“Foreign-language remakes are getting more popular in markets like South Korea, India, Argentina and Brazil, which are dominated by local films and Hollywood movies, and where as a result, non-English-language films have trouble reaching audiences,” says Yohann Comte, deputy head of sales at Gaumont, which has five movies playing at Toronto, including “The Connection” with Jean Dujardin and Eric Toledano and Olivier Nakache’s “Samba.” Read the rest of this entry »
For City Journal, Theodore Dalrymple writes: The French newspaper, Libération, which began as a Maoist publication, waxed indignant recently about Chinese police working alongside French cops in Paris. The article began by reminding readers about a 1974 film, The Chinese in Paris, in which Mao’s army occupied the city, and the army commander, Pou-Yen, set up his headquarters in the Galeries Lafayette. What, asks Libération, are these policemen, who in their own country act as enforcers of a totalitarian dictatorship, doing in the pays des droits de l’homme—“the country of the rights of man,” as the French, with more patriotism than historical accuracy, sometimes call their homeland?
[Check out Dalrymple’s book: “Our Culture, What’s Left of It: The Mandarins and the Masses” at Amazon.com]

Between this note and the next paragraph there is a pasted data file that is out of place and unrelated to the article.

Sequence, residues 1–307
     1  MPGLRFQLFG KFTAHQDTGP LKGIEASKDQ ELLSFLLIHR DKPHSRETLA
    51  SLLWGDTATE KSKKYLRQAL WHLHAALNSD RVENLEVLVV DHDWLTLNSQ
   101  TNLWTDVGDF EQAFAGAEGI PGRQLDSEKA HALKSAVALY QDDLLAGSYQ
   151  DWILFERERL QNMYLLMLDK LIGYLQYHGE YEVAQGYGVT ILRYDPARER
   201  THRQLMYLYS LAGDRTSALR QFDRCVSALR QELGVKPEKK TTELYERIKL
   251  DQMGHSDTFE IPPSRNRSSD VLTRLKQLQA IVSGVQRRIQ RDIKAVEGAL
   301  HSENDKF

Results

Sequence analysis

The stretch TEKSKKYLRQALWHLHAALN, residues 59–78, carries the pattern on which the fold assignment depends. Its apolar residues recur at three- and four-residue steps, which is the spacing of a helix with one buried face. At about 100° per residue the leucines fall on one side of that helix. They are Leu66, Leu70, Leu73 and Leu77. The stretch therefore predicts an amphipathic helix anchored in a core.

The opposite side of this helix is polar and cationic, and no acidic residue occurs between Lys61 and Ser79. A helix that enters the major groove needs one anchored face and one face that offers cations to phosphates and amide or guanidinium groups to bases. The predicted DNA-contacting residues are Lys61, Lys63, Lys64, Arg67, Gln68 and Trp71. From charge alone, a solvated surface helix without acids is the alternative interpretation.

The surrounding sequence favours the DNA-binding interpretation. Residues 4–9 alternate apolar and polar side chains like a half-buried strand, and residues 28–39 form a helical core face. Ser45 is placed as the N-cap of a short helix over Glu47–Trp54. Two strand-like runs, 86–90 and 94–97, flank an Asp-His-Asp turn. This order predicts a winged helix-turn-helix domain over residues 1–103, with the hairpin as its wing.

About 1.5 million Chinese tourists visit Paris each year. The French government hopes to double or triple that number soon. For the moment, at least, most of the tourists pay with cash, which makes them inviting targets for robbers. About 120 bags are snatched daily at the pyramid in the courtyard of the Louvre, many—if not most—from Chinese. And the Louvre is only one place they visit. Read the rest of this entry »
As the young and entrepreneurial flee, the country struggles to compete and pay for its massive welfare state.
For City Journal, Pascal Bruckner writes: Not long ago, I attended a colloquium of French scientists and philosophers in Corsica, France, called “How to Think About the Future.” With few exceptions, the astrophysicists, economists, physicians, and social theorists on hand offered dark visions of tomorrow. A new financial crisis, water and grain shortages, endless war, a general collapse of ecosystems—we were spared no catastrophic scenario.